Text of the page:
‘Madness caught’ ahead of US midterm elections: local election officials fear safety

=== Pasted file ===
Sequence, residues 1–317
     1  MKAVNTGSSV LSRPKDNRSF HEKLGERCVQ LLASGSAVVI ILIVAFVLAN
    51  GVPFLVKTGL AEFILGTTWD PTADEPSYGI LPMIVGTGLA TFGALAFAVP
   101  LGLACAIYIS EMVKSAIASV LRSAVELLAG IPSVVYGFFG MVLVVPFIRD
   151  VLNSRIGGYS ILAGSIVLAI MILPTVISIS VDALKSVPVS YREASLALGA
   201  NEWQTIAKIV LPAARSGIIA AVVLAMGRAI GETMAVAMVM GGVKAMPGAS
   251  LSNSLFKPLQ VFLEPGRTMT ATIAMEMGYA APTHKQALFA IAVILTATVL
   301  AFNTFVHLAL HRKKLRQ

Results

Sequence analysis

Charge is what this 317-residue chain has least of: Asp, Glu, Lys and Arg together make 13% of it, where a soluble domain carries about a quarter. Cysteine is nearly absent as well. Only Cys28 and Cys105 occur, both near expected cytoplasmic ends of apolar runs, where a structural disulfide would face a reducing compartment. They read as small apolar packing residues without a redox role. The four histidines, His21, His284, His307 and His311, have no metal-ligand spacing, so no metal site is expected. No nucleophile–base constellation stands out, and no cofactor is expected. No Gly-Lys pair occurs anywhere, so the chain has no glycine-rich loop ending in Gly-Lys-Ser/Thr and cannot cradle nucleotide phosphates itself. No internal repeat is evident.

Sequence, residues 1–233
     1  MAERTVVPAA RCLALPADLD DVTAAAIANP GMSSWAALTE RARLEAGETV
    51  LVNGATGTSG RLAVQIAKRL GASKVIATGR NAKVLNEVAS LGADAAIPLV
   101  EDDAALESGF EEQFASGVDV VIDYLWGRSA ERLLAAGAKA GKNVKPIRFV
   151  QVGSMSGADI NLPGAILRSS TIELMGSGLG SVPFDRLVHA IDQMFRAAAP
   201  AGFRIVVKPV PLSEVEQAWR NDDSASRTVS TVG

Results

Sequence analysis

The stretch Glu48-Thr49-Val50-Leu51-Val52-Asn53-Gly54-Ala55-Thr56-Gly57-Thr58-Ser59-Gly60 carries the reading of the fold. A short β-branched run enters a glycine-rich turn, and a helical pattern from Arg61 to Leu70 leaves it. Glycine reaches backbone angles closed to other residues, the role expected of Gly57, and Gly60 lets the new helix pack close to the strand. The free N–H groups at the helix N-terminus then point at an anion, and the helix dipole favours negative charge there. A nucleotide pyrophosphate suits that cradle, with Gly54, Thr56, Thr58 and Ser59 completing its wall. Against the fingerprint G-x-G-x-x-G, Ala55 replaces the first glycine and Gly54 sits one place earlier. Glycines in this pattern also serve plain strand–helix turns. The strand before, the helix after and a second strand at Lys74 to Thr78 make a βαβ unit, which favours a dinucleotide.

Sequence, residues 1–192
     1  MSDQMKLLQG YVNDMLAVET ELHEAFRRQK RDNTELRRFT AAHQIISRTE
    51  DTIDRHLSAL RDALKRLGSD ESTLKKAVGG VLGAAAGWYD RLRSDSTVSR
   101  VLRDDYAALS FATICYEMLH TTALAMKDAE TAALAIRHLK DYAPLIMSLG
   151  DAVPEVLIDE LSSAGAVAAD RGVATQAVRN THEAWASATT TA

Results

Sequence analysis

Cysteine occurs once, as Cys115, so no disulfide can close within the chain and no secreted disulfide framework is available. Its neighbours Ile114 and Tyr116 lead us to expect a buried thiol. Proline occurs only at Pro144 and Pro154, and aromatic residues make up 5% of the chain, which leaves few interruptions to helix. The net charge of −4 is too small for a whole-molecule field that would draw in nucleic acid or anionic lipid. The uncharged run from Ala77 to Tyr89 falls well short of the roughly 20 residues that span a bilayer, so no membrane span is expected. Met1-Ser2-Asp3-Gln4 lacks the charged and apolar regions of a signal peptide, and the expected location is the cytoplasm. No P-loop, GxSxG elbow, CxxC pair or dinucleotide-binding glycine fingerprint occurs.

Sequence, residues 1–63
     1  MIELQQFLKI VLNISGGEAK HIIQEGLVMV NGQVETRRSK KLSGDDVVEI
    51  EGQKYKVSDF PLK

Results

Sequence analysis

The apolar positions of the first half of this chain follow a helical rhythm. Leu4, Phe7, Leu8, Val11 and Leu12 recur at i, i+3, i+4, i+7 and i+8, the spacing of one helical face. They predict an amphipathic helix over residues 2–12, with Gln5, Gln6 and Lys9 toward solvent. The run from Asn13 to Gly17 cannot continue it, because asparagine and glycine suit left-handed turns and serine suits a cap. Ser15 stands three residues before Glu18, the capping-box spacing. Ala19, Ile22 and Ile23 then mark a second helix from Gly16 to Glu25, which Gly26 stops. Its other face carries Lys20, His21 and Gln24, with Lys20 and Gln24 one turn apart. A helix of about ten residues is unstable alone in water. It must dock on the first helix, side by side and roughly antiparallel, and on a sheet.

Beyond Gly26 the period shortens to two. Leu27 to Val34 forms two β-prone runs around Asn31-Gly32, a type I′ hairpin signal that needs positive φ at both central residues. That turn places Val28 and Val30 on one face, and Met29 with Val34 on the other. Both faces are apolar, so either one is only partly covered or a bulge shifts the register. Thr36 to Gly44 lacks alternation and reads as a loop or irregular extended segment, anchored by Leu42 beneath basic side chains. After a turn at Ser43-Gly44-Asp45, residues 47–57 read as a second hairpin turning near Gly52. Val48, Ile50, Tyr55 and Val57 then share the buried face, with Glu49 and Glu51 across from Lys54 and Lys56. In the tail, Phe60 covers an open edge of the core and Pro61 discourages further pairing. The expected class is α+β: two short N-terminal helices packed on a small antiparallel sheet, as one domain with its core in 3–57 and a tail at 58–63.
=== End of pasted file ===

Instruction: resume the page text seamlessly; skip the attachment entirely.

In the office of the Shasta County Clerk and Voter Registration Office, which runs elections for around 111,000 voters in this remote northern California area, Cathy Darling Allen sees anything that can improve security if the budget is there. Downstairs counter for Covid but can’t stop people. It’s literally fixed at the checkout counter,” said the county clerk and registrar. She estimated that for around $50,000, she could secure the front of her office, restricting access to her upstairs office. Another county installed bulletproof glass in the lobby years ago, where officials once considered removing it but no longer, Allen said. Now they can’t afford it. After Donald Trump refused to admit his defeat in the 2020 presidential election, Allen says her once-non-partisan provincial election official’s inconspicuous job changed in the same county as her. A culture of misinformation has cast doubt on the American electoral system and exposed officials from Nevada to Michigan to harassment and intimidation. The FBI has received more than 1,000 reports of threats to election staff in the past year alone. Map of Shasta County, California. In California, officials in small, resource-poor, rural counties like Shasta say they face hostility and aggressive harassment from residents who believe there is widespread voting fraud. Residents of Shasta County acted as observers, intimidating election staff, crowding around Allen in June’s tense election night showdown, and visiting voters’ homes claiming to be part of the “Official Task Force,” she said in Nevada, northeastern California. The county said the Registrar-elect had to issue a restraining order against residents who harassed him, pushed him into his office and assaulted staff. She is president of the independent California Voter Foundation, a non-profit organization that works to improve the election process. “Her colleague recently called it a kind of madness.” ‘This is our Tiananmen Square’. On Tuesday, September, the speaker denounced “election fraud” in front of the Shasta County Board of Supervisors. Without evidence – it’s happening. Residents, dressed in red, white and blue, described their efforts as a David and Goliath battle. “Citizen appreciation and we are going out and gathering evidence of fraud in our process. “This is our Tiananmen Square,” said one speaker. “We will stand in front of the tank and not talk to the machine anymore.” They submitted dozens of public records requests to Allen’s office, showed up in bulk to observe the election, and even visited certain voters’ homes wearing gear labeled “Official Voter Task Force.” A Nevada County voter sits next to his son to fill out a ballot at the Nevada County Fairgrounds in Grass Valley, California, Photo: Elias Funez/AP Their objection is this northern countryside It took place amid widespread political upheaval in the county, out of anger from some residents over Trump’s loss, epidemic restrictions and vaccine orders imposed by California’s progressive government. With no external funding and support from local militia, he summoned a longtime County Supervisor in February. Actions witnessed during the election led Allen’s office to make security changes, including tracking anyone entering the facility. And it looked like someone was installing tracking cameras outside the office to monitor the election staff. The sheriff deployed a deputy outside the office. After four of the candidates backed by the dissident group were completely defeated (Allen overtook the opponent) 5) candidates requested a recount as part of a false conspiracy theory that the company was playing a role, shaking up Biden’s 2020 presidential election, raising particular concern among residents who believe in widespread election fraud. Some have attempted to share content with Allen, such as the 2000 Mules, an exposed documentary that promoted false claims about the election, and the grandeur of those who make money by spreading untrue facts about the election is particularly disappointing to Allen. If there is a problem, she will rely on real experts who have been in the field for decades and share the information for free, she said: “I guarantee you, a school in Reading, California. I’m not going to charge you $20 to talk to people at a meeting. It’s making you money, not trying to make it better.” Allen’s office has witnessed aggressive behavior and bullying, but is not yet a threat, she said. She thinks it’s only a matter of time, given the threats facing election officials across the country. “People once told me I should have private security,” she said. That’s not right. But that’s the world we live in right now.” ‘Another form of bullying’ About 150 miles from the foothills of the Sierra Nevada in eastern California, Natalie Adona said her own office is also experiencing the same problem. Shasta, there’s a chance it could happen here too. The loudest election saboteur is sharing information between our counties.” Nevada County, California. Political tensions in Nevada County, with about 100,000 people living in historic towns and settlements at the heart of California’s gold rush, have increased since the 2020 elections, said county clerk assistant recorder Adona. Earlier this year, a group of residents attempted an aggressive and ultimately unsuccessful campaign to summon full supervisors, accusing them of promoting “crimes against humanity” in support of Covid. safety measures. While running for her own post this spring, Adona said she and her office had been subjected to months of public harassing campaigns and posted racist comments in her election mailings containing dark photos of her and efforts to disqualify her. You said you used the language. She falsely claimed that she did not pay the filing fee. After Adona’s nearly 70% victory, her opponents called for a recount: “I saw it as another form of bullying, and one of the other purposes seemed to be to get another document that was not common. [obtainable] “In the course of regular observation,” she said. At the same time, her office has received a number of requests for public records that appear to have been copied and pasted in recent months, either adding a twist to the election process or actually reflecting how much the requestor knows about the election. It’s kind of a rush of requests.” Adona also said she received one threat but could not take action from law enforcement: Voters wait as polling station workers check voter registration in Wisconsin Photo: Sue Dorfman/Zuma Press Wire/Rex/Shutterstock “It’s definitely not on the level of Georgia or Wisconsin. I’m happy, but at the same time, a lot of it is unsettling,” she said. The Nevada County office is increasing its headquarters’ security budget and working more closely with law enforcement agencies around the world. Serving people and serving the public, but managing elections over the past few years has become difficult,” she said. “How to keep our face-to-face election staff safe, keeping our staff safe and the same level of transparency in the elections the public deserves. It’s raised a lot of questions about our team about how to deliver.” According to a survey conducted by the Brennan Center for for, ‘we’ have found that climate across the United States has become so strained that out of five election workers One said he was unlikely to hold his position until the next election: Legitimacy.California Voter Foundation’s Alexander said that about one in six was personally threatened. is an organization that takes the safety of the United States increasingly seriously. Together with the Brennan Center, they signed a bill recently signed by the Governor of California, allowing workers’ home addresses to remain confidential. It will include the physical security of the people conducting the elections,” said Alexander. Her organization is trying to support election officials by providing reduced training and other resources to their offices. They need more help and have been doing it for a long time. came.” “The chronic lack of funding for election administration in the United States is one of the conditions that has made our election workers vulnerable. If our offices weren’t understaffed and resourced, security would have been intensified from the start,” she said. Taylor Wilson votes at the Nevada County Fairgrounds in Grass Valley, Calif. Photo: Elias Funez/APCalifornia The Electoral Office has already contested elections for years in a row, including the 2021 summons for governor. Later, Shasta County held a community convening, said Allen, who is also a director of the California Voter Foundation, “we haven’t had a break in about five years.” “None of my employees was able to disconnect for a really long time. I can’t even get to the top of Mount Lassen where I know no one can hold me.” In the past, guided tours of the office and guided tours of the process have helped people understand the election process, fears Allen said, she has consistently shared good information through social media and webinars in her office this year, giving them misinformation and misinformation. The county has recently hired someone to educate and outreach to voters, but a growing number of people don’t believe any messages from the office as misinformation spreads. I don’t know. It comes from the belief that it was swallowed up wholesale as if it were religion.” “We will still try.” There are piles of thank-you cards from the villagers expressing their appreciation. She was re-elected by a huge margin.” “Everyone who believes in the misinformation that elections were rigged and the elections stolen in June all ran for the June election, but no one won. It’s not one of them,” she said. “For me, it’s a story,” Allen said. “The voters in Shasta County saw it through.” As far as the national challenge for election staff is concerned, “this too will pass,” Allen said. It will get better, but it will get better,” she said.